Temperature: Hedgehogs require warmth, but not too much, or they try to hibernate/aestivate either is lethal to the African Pygmy Hedgehog. 72-78 F is optimal, some like it on the lower end of that range and some like it on the higher end. You will need a ceramic heat emitter (CHE) bulb and a dome light (at least 8", 10" is better) with a ceramic socket (not plastic). Do not use a red reptile light, blue/black light, or regular light bulb. You will also need a thermostat so that your che will turn on/off as needed. Amazon sells all of this, or you can find them at your local pet store. External heaters can be used if your hedgie is in it's own room or you are comfortable hanging out at those temperatures, most humans are not. I do not recommend heating pads under the cage, this is a recipe for disaster on many levels. NEVER put a heat source directly in with your hedgie, you could cause a burn easily. More information on why temperature is so important can be found here.
Drafts: Where ever you put your cage or enclosure needs to be in a spot that does not get drafts, either from windows or air returns. If you use an external heater, make sure to place it so that it does not blow directly onto the cage.
Summer: Depending on where you live, summer can become quite hot. This means that not only will you need a heat source, but you will also need a way too cool it down. DO NOT let your hedgie's cage get above 90 F. Don't run a fan or air conditioner pointed at or next to your hedgie's cage. There are many thermostats that will allow you to plug in a heat source and a cooling source and it will keep the cage at the temperature you set. If you have central air or a window ac unit, all you will need is the heat source.
Lighting: Hedgehogs are nocturnal but require periods of light and dark. Do not put your hedgehog's cage in direct sunlight. Make sure to provide them with a day/night cycle (typically 12 hrs light and 12 hrs of dark) a light on a timer or leaving your room light on during the day and turning it off at night will suffice. It's normal for babies (and even some adults) to get up during the day to eat or drink. Babies will still sleep most of the night away as well, getting up to explore or run periodically then taking a nap. Do not make your heat source and your light source one in the same, they still need to be warm with the lights off. More information on why light cycles are important can be found here.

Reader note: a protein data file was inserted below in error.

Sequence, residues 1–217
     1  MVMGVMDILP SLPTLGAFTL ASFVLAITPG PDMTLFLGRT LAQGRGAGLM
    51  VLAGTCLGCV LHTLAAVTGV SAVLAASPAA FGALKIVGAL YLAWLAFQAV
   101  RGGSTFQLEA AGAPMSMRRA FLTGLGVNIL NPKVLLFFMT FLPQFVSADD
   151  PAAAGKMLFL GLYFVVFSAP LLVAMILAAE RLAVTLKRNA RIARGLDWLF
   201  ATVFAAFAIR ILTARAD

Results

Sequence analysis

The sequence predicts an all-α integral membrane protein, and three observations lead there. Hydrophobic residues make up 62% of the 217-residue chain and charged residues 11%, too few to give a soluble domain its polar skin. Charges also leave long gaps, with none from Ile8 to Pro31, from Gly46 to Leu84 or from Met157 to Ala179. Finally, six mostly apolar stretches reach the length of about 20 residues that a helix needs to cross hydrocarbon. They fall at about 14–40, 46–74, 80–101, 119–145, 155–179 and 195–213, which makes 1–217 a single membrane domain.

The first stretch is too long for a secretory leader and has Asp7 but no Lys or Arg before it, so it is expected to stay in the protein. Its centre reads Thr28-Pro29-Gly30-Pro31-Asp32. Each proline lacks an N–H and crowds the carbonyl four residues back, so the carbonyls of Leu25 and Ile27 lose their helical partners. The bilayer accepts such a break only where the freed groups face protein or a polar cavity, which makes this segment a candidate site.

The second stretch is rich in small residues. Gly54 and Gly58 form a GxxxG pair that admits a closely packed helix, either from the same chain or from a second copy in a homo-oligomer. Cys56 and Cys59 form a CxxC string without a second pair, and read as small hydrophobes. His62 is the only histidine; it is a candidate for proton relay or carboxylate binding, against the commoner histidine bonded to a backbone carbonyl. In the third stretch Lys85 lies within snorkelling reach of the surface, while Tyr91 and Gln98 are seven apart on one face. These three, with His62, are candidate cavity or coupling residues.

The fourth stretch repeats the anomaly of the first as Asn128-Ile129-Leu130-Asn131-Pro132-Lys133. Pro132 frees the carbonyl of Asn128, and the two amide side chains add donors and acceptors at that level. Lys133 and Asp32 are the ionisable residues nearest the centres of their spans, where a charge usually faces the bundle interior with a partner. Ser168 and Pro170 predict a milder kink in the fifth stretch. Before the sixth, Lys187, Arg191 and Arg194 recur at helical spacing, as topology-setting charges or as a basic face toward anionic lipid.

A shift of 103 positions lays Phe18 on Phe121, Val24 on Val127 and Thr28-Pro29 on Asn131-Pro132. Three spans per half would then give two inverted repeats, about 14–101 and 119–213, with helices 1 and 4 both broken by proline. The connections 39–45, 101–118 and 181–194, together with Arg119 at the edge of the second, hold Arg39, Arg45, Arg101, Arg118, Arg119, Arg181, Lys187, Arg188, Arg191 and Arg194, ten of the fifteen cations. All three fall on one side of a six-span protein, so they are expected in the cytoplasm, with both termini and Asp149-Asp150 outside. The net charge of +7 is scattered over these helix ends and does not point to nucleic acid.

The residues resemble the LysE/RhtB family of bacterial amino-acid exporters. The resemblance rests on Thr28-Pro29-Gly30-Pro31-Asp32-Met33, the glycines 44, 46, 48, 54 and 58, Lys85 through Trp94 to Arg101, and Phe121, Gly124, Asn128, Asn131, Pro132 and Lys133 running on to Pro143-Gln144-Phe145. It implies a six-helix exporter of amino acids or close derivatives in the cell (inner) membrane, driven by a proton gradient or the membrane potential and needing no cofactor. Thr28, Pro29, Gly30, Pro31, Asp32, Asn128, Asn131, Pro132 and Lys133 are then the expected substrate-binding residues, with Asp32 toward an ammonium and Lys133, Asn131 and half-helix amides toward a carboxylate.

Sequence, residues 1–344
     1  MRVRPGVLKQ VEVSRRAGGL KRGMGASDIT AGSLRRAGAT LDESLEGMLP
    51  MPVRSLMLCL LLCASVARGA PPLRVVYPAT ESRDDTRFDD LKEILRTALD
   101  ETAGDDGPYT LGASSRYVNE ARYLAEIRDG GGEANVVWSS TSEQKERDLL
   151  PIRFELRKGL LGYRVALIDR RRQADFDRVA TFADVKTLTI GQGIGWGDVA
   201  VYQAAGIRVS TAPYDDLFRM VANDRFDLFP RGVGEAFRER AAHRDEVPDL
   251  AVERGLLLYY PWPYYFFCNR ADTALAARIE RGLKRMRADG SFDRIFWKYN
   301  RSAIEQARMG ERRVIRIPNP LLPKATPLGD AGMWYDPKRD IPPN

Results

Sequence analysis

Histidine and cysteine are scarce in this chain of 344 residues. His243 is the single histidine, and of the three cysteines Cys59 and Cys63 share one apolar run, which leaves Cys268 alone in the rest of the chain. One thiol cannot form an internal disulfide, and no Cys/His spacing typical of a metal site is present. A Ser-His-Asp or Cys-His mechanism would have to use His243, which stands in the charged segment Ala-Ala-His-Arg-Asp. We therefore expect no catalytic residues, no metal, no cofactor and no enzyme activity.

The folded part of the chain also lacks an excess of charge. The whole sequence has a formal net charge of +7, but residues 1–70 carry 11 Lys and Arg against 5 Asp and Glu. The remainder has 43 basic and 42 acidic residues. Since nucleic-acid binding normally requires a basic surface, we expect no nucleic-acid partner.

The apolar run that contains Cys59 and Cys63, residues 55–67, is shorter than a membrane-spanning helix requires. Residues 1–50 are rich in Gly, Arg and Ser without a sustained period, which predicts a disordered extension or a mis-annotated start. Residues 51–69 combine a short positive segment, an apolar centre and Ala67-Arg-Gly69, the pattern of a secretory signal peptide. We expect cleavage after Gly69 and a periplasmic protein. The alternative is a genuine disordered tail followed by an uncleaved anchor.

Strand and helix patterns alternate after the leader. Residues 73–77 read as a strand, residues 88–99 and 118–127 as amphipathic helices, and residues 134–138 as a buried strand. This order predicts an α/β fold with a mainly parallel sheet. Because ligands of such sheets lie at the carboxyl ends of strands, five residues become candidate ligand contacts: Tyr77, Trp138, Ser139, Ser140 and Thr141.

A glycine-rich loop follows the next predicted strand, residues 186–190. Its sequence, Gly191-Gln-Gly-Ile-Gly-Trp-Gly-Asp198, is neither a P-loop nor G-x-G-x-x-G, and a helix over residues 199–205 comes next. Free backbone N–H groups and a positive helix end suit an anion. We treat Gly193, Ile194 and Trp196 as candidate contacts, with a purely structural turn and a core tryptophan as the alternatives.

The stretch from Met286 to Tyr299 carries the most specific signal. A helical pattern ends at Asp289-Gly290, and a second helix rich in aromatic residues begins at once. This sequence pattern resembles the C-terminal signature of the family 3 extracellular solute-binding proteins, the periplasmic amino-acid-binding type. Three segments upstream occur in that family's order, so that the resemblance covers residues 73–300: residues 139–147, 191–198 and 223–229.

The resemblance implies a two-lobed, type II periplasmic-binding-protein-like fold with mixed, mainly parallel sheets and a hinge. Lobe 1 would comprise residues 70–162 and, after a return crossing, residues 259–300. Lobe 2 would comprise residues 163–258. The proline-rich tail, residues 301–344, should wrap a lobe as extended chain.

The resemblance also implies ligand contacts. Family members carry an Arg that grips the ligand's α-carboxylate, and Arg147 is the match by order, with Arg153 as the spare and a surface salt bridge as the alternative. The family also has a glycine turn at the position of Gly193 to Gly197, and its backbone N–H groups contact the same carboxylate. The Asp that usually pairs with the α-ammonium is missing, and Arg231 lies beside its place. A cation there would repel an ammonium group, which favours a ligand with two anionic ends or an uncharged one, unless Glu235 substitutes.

Nightlights: Don't use a nightlight, black light, red light, funky party light that changes colors, etc. Your hedgehog will not appreciate your efforts to make them look cool at night. They will be less active without total darkness.
Exercise: Hedgehogs REQUIRE a wheel to run on as a part of their normal, healthy lifestyle. Hedgies are known and recorded to run in excess of 5 miles per night. The only type of wheel I recommend is a bucket wheel, at least 11" in diameter. Carolina Storm Wheels and other bucket wheels can be found on Etsy as well as Facebook groups. Do not use metal wheels, wheels with seams, wheels with sand paper, wheels with covers or carpet, wheels with holes, or saucer wheels, none of these are the right size or safe for hedgehogs. Toes have been lost and feet and spines have been injured using the wrong wheel.
Furniture: Hedgehogs need things to hide in. Cuddle sacks, fleece cubes, igloos, tubes, pvc pipe (at least 4"), other wood or plastic hides can all be used. It's best to get a variety and offer them choices, some hedgies have a preference.
Climbing: Whatever you decide to put in your hedgie's cage, make sure they can't climb onto it to prevent injury and escape attempts. Keeping hides away from the walls can help prevent bar climbing and escapes from open totes.